A rare genetic mutation discovered by a researcher at Brigham and Women’s Hospital could hold the clues to developing new management strategies for pancreatic cancer. Sahar Nissim, MD, PhD, assistant professor of medicine in the Brigham’s Gastroenterology, Hepatology and Endoscopy & Genetics Divisions, found the mutation in a single family with a strong history of pancreatic cancer and published his findings in Nature Genetics. He said the discovery may have broader implications for all patients with pancreatic cancer, regardless of whether or not they have the mutation.
A study from Brigham and Women’s Hospital and Harvard Medical School has uncovered a molecular mechanism that may help to explain why type 2 diabetes goes into remission in patients who have undergone bariatric surgery. Published in Nature Chemical Biology in August, the study is the first to identify an anti-diabetic small molecule whose levels are increased by bariatric surgery.
Scott Alan Shikora, MD, FACS, FASMBS, director of the Center for Metabolic and Bariatric Surgery at Brigham and Women’s Hospital, was recently named president-elect of the International Federation for the Surgery of Obesity and Metabolic Disorders (IFSO). Dr. Shikora’s official appointment will begin in July at the 25th IFSO World Congress in Miami. He is the first Brigham physician to serve as President of IFSO.
Appendiceal cancers are rare, with an estimated 1,500 people diagnosed per year in the United States. The rarity of these cancers and their diverse manifestations can make accurate diagnosis challenging.
Over the past decade, Brigham and Women’s Hospital has led the way in investigating fecal microbiota transplantation (FMT). The FMT Program at the Brigham was the first to conduct clinical trials on FMT for the treatment of primary sclerosing cholangitis and, most recently, obesity.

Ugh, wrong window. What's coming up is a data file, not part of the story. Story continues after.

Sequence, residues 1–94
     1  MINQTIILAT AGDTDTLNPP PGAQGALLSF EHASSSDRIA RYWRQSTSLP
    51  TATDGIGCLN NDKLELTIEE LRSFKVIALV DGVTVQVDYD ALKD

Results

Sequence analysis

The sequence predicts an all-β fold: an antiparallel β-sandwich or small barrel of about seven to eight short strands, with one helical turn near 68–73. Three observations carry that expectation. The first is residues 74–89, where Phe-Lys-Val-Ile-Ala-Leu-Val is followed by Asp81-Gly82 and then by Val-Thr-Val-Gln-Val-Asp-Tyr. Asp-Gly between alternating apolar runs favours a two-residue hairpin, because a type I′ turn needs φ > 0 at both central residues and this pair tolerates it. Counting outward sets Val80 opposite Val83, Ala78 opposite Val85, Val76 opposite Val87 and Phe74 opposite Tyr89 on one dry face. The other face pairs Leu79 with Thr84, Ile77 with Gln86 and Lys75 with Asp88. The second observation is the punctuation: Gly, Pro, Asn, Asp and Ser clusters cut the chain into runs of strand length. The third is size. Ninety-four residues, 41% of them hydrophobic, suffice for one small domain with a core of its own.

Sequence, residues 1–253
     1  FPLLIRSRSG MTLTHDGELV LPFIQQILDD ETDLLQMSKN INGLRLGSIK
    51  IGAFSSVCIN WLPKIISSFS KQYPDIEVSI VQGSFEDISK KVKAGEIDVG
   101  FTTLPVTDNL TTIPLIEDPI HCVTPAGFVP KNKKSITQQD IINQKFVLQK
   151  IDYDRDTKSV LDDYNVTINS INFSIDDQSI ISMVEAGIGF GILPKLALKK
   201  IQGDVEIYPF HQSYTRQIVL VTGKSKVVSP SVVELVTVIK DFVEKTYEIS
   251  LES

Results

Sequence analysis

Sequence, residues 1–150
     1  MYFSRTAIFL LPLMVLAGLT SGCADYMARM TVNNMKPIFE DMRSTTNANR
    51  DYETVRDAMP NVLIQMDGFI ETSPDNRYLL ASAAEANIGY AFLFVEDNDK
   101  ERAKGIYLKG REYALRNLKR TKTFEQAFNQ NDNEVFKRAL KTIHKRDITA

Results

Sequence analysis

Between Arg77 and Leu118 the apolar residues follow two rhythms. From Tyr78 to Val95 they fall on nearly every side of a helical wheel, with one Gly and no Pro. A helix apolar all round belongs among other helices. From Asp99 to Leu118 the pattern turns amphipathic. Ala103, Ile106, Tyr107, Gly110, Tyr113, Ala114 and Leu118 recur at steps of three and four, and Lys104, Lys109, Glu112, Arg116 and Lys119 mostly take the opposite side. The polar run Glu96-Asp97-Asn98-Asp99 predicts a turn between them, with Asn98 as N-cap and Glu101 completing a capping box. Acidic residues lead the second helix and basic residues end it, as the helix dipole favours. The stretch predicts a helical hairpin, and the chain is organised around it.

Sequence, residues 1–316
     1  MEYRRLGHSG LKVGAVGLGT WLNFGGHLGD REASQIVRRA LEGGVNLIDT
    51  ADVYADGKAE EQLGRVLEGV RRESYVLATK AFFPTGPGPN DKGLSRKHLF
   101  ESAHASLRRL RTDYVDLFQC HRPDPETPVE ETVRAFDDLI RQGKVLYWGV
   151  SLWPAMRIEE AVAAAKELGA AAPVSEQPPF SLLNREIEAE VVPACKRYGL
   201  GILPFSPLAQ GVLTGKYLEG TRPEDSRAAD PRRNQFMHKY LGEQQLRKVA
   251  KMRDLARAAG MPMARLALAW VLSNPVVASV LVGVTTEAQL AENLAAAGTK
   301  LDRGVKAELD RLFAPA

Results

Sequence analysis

Can insulin be given to patients without injection through the skin? This is the problem that Brigham and Women’s gastroenterologist, C. Giovanni Traverso, MD, PhD, is trying to solve. Daily injections require training and can be painful for patients living with diabetes. As a result, physicians may hesitate to prescribe insulin for years—despite its immense therapeutic value—selecting alternatives that may not work as well but which can be taken orally instead.
Brigham and Women’s Hospital is developing new ways to resect or biopsy intraabdominal tumors by incorporating cutting-edge imaging technology within the operating room. Specifically, the Brigham’s state-of-the-art Advanced Multimodality Image Guided Operating (AMIGO) suite—a 5,700-square-foot operating room that integrates an array of advanced imaging technologies—allows physicians to more easily identify and more accurately biopsy or resect lesions in the mesentery of the bowel and retroperitoneum.
In 2017, nearly 700,000 robotic-assisted procedures were performed in the United States. Robotic surgery is fast becoming the preferred method for procedures in gynecological, thoracic, urologic, colon and rectal surgery. Today, a wide range of colorectal problems can be treated with robotic surgery.
Absent of a cure for inflammatory bowel disease (IBD), physicians at Brigham and Women’s Hospital have pioneered a broader approach to improving the health of patients with ulcerative colitis and Crohn’s by focusing on lifestyle, health education and psychosocial aspects of disease.